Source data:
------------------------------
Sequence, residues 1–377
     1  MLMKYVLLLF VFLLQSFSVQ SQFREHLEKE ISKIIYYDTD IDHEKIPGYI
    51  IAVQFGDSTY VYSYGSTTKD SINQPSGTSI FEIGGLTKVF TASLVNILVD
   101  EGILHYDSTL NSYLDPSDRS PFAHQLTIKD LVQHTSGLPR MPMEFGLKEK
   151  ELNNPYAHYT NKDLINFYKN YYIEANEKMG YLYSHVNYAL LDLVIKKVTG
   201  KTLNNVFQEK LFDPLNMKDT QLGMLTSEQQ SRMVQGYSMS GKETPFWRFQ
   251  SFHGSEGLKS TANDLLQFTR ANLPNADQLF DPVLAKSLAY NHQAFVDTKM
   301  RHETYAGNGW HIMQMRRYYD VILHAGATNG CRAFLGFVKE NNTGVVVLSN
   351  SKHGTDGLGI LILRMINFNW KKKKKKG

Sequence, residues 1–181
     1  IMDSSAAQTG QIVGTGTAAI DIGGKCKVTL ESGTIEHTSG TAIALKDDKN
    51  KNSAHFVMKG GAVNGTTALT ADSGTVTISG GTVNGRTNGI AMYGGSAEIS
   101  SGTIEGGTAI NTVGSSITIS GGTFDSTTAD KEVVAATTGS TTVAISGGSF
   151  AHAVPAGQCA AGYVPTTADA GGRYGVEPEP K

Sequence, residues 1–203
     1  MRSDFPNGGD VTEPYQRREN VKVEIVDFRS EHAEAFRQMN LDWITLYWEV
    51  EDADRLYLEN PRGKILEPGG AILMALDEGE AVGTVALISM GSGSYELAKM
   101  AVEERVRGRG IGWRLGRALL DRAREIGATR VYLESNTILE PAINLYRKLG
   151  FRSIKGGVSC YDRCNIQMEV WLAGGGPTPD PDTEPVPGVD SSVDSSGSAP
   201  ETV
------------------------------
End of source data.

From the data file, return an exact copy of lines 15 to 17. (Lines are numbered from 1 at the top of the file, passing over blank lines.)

Sequence, residues 1–203
     1  MRSDFPNGGD VTEPYQRREN VKVEIVDFRS EHAEAFRQMN LDWITLYWEV
    51  EDADRLYLEN PRGKILEPGG AILMALDEGE AVGTVALISM GSGSYELAKM